ABS TR ACT Objectives: Thoracic endovascular aortic repair (TEVAR) has surpassed open surgical repair in the management of blunt traumatic aortic injuries (BTAIs) over the past two decades. It is a less morbid procedure associated with lower mortality. We sought to determine the outcomes of early versus delayed TEVAR of BTAI in our population. Methods: We conducted a retrospective analysis of a prospectively collected registry that looked at patients presenting with an image-proven diagnosis of BTAI at three tertiary health care facilities in Muscat, Oman. Forty consecutive patients were identified between January 2012 and July 2017, of which four were excluded for incomplete data. The remaining 36 patients were divided based on the timing of repair into early (< 7 days) or delayed (≥ 7 days) repair. In both cohorts, variables analyzed included patient demographics, mechanism of injury, injury severity score, need for blood products transfusion, use of anti-impulse medications, anticoagulation, intensive care unit (ICU) stay, and total hospital stay. Primary endpoints included: in-hospital mortality, TEVAR-related morbidity, and the need for reintervention. Results: Our study subjects were young with a mean age of 33.5±14.8 and 29.9±11.0 years in the early and delayed repair cohorts, respectively. Motor vehicle collisions accounted for the majority of cases (82.6% and 76.9% in early and delayed repair, respectively). Thoracic injuries were the most commonly associated injuries in both early and delayed repair cohorts. Compared to early repair, the delayed repair cohort had a higher incidence of exploratory laparotomies, but the difference was not statistically significant (p = 0.161). There were four incidences of cerebrovascular accidents (CVAs) post-TEVAR; three in the early repair cohort and one in the delayed repair cohort (p = 1.000). There was no statistically significant correlation between left subclavian total or partial coverage and the incidence of CVA (p = 0.220) and type 1 (p = 0.466) or type 2 endoleak (p = 0.102). The early repair cohort had a longer but not statistically significant ICU stay (7.8±6.8 vs. 5.3±10.7, p = 0.386). Prolonged ICU stay was associated with more blood transfusion requirement (p < 0.001), and higher respiratory (p = 0.010) and gastrointestinal complications (p = 0.026). Conclusions: The short-term outcomes for TEVAR of BTAI continue to show its feasibility in managing BTAI in severely injured patients. There was no clear statistical significance in mortality and morbidity comparing early versus delayed repair. However, our experience is based on a small sample size and short median follow-up but provides a good platform for further analysis.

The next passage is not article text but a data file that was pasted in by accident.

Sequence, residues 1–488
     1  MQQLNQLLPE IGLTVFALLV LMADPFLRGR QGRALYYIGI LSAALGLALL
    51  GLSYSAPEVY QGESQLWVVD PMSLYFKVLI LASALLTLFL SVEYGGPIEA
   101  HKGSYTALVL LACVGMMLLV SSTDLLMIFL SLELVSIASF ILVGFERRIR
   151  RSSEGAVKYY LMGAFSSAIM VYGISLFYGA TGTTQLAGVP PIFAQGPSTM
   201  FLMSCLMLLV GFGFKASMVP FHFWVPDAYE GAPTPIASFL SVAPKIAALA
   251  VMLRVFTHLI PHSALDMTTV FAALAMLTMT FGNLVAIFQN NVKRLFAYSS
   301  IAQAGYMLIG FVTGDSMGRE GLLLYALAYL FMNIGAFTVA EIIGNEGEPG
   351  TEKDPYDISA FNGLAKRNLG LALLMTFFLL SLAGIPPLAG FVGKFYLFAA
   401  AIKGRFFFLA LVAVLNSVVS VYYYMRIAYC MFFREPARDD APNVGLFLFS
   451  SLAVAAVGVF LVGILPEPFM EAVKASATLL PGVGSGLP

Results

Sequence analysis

- Thoracic Injuries
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